This week’s announcement of increased funding for legal aid and a change to means-testing aim to widen access to justice. But there are other more important changes that can be made to benefit the whole system, says Anthony Speaight QC.
One afternoon in 1974 I was a pupil barrister sitting in on a conference in the Temple with a client impatient to get his matrimonial proceedings moving. The client, who was neither particularly rich nor particularly poor, said that he was thinking of paying privately. The experienced solicitor, who was from a good firm in Paddington, urged him not to do that. “We shall have your legal aid certificate through within a couple of weeks”, she said, “and you will receive exactly the same service on legal aid”. This little conversation stuck in my mind. It gave me a sense of pride about the legal system which I was then entering, in which the same service was available to all, irrespective of means: I used the “exactly the same service” line to clients several times myself in my early years at the Bar.
That conversation would have been unlikely 20 years later, as by then legal aid had become a second rate affair. The conversation would also be unlikely today, but for a different reason: no such conversation would occur today because for husbands legal aid does not exist at all.
Back in the golden age of legal aid around 1980 up to 80 per cent of the population were within its scope, and, subject to a merits test, it was available for almost any type of case. Today, only the poorest 25 per cent qualify under its means test, and the scope of civil legal aid is limited to a short list of types of case. Women who complain of domestic violence qualify, but the accused husbands do not – a statutory presumption of guilt surprising in a country with our legal heritage. Out are personal injury cases, which used to cost the scheme virtually nothing as the vast majority were successful with the defendant’s insurers paying the costs. Out, too, is most clinical negligence, and also negligence by lawyers, surveyors and other professionals. But in are claims under the Equality Act and significant breaches of the Human Rights Act. Broadly speaking, the kinds of civil cases for average households, which used to be covered, no longer are. At the same time the fees paid to barristers and solicitors for both criminal and civil legal aid work, have shrunk to levels at which few can afford to continue practising in legal aided fields.
It might be thought that this sad deterioration in everything about legal aid would reflect savagely reduced funding. But astonishingly the reverse is the case: legal aid spending today is about three times higher in real terms than it was in 1980.
I do not see how those of us who believe that additional spending on legal aid is, in fact, urgently needed can expect our concerns to be seriously addressed by Government until we frankly accept the scale of the rise in spending. That is one of the two great values of this Politeia paper: it reveals previously unpublished figures about the spending rise as early as page 2, before proceeding to talk about the “sorry state of legal aid” today.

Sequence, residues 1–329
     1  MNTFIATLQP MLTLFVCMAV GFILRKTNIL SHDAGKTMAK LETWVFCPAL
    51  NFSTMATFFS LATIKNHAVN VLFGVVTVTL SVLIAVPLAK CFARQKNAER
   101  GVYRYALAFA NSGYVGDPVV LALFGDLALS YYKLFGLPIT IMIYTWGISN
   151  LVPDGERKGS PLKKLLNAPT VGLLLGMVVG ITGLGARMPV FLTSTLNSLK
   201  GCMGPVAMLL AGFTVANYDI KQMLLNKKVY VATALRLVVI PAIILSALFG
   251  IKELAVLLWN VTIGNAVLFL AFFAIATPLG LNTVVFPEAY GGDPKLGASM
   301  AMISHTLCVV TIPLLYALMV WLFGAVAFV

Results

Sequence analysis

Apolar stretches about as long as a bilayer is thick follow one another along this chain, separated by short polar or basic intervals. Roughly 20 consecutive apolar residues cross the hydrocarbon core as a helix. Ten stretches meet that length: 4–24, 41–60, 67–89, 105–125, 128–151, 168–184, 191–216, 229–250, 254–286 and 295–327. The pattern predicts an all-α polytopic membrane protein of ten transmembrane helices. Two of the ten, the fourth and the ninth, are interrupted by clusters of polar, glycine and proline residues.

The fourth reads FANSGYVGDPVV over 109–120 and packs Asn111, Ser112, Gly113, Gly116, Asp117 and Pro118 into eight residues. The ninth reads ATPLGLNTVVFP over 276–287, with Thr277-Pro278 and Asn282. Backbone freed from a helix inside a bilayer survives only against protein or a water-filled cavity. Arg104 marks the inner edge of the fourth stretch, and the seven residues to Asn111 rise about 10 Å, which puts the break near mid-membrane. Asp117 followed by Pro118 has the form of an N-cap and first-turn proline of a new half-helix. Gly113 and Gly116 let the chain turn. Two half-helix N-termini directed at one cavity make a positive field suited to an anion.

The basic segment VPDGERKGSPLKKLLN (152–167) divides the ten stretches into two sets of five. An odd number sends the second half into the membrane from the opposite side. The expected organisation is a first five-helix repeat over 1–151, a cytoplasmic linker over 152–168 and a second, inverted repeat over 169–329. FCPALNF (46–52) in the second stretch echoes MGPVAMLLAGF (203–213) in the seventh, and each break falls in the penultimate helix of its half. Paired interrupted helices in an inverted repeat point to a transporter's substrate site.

Amongst the factors which in my view have contributed to the rising costs are changes in the structures by which legal aid is administered and changes in the culture of legal aid practice. I consider the changes of structure and culture in my forthcoming paper. Those factors do not alter the problem that legal aid is short of funds. Quite apart from addressing the structural and culture issues, and increasing the funding, there are also other practical steps which could be taken by Government at no cost to the treasury.
Contingency Legal Aid Fund The government could adopt a firm policy of promoting the establishment of one or more Contingency Legal Aid Funds (“CLAF”). A CLAF is a fund which pays the fees of lawyers and expert witnesses to undertake a case in return for the client agreeing to pay a predetermined percentage of the recovery, if the claim succeeds, back to the fund. Once up and running it is self-financing; but it does require seed corn money, which the treasury has never wanted to provide
Abolition of Legal Services Board and reallocation of its funding The government could effect a contribution to CLAF seed corn without it involving any new money from the Treasury. That is by the abolition of the Legal Services Board (“LSB”) – a policy which is in any event highly desirable.
The LSB is an additional tier of regulation making for a multi-tiered regulatory system or regulators regulating regulators. It holds £6m in reserves: on its abolition those sums could be appropriated to contribute to the foundation of a CLAF. The LSB has an income of £4m per annum. This does not come from the Treasury but through a levy of £21 per head on regulated lawyers. This income could also be redirected. Such a first move could encourage more than matching funding by private commercial investors.
Before the Event Insurance The government could legislate for a modest extension of the scope of insurance in situations in which it is already compulsory, in particular motorists, occupiers and employers. The extension would be to provide legal aid to persons wishing to sue these insured. These insurers anyway pay the costs of those who successfully sue their insureds, although by reason of lack of funding some who have meritorious claims at present do not do so. Such action could usefully draw attention to the value of “before the event insurance”.
Such changes are not only feasible but can begin without new money from the treasury. *
*This is an edited extract from Anthony’s Speaight QC’s forthcoming publication Reforming Legal Aid – Next Steps